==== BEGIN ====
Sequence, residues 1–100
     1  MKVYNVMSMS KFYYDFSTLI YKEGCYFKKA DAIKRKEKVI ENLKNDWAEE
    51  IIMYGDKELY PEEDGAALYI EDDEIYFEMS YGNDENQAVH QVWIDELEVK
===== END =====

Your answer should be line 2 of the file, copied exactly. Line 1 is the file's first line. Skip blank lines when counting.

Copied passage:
     1  MKVYNVMSMS KFYYDFSTLI YKEGCYFKKA DAIKRKEKVI ENLKNDWAEE